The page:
Visual Analytics can pair with GIS maps to give a more complete perspective of the data. Below are several examples of how visual analytics can be used.
Sankey diagrams show flows and quantities for many-to-many relationships. The image below shows acreages of Land Use and Land Cover for the full state of Florida. The second diagram shows a breakdown of secondary categories.
Land Cover is the physical properties that can be observed on the ground and Land Use is how humans use the land. It is interesting to note the relationships between the two are more complex than we might have previously thought. For example, it it possible for Residential Land Use to occur in a variety of Land Covers, such as: Forested, Developed, and Cultivated. Agricultural Land Use can occur in Developed, Cultivated, Forested, and other Land Covers. Sankey diagrams are an excellent tool for visualizing the complexities between related entities.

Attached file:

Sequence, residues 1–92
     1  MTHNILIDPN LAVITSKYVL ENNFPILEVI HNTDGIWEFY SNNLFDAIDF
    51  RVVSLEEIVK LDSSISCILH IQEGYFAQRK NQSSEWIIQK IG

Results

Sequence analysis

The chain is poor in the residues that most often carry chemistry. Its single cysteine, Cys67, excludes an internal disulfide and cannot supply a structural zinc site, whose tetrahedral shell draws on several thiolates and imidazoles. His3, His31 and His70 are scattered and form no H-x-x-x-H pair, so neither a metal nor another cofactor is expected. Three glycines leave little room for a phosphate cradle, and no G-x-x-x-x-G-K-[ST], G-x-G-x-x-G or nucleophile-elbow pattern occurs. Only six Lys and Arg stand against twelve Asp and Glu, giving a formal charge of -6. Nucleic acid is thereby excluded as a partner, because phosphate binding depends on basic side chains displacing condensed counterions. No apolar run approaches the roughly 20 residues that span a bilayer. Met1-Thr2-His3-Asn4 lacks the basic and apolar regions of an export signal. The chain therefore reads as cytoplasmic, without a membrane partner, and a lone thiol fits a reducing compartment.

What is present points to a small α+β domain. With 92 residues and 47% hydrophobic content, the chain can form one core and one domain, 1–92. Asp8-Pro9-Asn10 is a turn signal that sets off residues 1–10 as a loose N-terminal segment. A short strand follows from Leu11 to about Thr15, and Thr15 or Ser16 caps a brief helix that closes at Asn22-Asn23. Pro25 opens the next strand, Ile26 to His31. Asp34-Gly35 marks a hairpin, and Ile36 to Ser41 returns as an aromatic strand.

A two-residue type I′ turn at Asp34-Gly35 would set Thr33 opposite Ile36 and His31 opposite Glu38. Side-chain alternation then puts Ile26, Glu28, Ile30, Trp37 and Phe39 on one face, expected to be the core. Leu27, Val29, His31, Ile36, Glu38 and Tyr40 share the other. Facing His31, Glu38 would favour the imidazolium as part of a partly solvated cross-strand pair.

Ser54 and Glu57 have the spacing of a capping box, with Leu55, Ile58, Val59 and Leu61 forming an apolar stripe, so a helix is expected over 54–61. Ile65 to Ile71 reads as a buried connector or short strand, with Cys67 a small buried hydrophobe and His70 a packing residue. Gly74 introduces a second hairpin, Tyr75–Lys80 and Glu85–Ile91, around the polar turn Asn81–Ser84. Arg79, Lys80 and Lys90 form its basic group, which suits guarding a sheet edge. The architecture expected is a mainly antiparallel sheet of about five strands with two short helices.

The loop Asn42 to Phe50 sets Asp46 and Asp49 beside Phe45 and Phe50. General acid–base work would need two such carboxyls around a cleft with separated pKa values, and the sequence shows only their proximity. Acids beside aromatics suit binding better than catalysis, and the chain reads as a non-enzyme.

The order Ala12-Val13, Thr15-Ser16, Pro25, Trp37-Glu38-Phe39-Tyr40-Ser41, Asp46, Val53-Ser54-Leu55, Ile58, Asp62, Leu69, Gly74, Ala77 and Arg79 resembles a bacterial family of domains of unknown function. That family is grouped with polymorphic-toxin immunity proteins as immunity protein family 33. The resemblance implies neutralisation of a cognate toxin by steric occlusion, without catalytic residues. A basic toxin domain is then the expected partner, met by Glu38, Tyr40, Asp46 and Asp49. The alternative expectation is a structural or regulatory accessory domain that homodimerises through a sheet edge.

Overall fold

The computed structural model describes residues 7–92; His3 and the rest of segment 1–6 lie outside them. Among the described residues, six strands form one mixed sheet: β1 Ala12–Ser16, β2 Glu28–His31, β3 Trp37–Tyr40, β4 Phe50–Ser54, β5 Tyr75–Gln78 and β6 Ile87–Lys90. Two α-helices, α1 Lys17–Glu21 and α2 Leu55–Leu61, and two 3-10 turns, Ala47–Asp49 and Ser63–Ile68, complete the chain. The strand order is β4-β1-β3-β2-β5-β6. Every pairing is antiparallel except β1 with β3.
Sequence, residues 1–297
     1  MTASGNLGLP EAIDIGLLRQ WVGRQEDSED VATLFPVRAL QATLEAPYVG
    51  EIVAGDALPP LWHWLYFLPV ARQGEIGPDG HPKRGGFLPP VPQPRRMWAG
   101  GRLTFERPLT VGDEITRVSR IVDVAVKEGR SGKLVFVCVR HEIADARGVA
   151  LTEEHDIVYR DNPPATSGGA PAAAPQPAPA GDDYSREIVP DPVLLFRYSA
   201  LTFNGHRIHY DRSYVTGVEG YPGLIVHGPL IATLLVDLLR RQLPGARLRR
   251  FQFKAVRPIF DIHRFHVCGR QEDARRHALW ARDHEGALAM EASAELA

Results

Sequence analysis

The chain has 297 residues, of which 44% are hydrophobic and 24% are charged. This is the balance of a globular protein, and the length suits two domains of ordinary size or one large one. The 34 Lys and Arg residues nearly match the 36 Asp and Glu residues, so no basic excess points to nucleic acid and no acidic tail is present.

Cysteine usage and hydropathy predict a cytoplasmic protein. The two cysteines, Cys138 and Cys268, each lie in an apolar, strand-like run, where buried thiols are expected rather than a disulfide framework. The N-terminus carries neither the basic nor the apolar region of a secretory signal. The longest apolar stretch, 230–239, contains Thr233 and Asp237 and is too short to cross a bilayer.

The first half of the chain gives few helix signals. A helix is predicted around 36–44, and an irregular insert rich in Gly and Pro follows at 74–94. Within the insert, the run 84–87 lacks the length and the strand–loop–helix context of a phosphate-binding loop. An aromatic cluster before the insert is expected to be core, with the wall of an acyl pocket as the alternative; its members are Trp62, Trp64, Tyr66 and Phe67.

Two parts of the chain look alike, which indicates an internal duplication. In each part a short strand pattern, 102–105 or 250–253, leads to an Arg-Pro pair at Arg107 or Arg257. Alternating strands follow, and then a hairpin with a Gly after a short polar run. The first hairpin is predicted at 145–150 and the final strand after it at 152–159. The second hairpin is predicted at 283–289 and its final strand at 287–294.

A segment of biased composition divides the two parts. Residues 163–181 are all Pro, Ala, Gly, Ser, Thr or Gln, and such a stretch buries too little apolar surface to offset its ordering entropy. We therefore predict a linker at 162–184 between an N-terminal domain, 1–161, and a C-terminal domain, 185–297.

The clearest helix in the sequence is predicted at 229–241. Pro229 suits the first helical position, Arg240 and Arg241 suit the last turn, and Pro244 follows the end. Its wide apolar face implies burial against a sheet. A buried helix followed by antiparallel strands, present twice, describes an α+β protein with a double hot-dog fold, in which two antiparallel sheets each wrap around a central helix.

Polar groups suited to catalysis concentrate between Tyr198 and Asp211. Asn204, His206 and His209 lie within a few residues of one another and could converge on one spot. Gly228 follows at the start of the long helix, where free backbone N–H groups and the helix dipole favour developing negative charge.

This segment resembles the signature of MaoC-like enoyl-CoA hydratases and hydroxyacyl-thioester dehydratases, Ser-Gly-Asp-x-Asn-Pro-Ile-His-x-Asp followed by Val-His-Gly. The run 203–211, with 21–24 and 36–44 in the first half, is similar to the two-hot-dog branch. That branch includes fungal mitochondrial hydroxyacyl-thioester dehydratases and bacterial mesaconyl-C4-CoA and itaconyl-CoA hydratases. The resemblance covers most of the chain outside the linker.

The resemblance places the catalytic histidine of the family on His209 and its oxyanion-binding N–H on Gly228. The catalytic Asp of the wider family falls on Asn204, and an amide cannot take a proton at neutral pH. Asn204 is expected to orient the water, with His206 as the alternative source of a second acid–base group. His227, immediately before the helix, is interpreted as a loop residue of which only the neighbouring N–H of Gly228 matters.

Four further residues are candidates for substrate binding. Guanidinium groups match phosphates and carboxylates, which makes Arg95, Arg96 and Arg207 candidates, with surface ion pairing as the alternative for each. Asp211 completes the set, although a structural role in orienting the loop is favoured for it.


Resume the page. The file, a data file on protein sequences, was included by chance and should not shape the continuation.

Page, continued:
For more information on Florida's Land Use and Land Cover, see the full description, which includes a poster and downloadable data.>
Statistical legends contain more quantitative information than traditional legends.The statistical legends give the reader a more complete view of the data distribution. The scatterplot included in the legends remains the same for all legends as the data distribution is the same for all maps.
Spatial representation of data is a main focus of GIS. Visual analytics offers a complementary perspective by separating the data from its spatial element in order to show relationships between variables in a more direct format. Scatterplots are useful tools for accomplishing this goal.
This project introduces scatterplots as a complementary tool to GIS. The first section discusses their capabilities with a demonstration of their use in a GIS legend. The second section is an interactive data visualization -- make your own scatterplots! Explore 2010 census block group data in your county with this easy-to-use web tool.
The goals of this project are: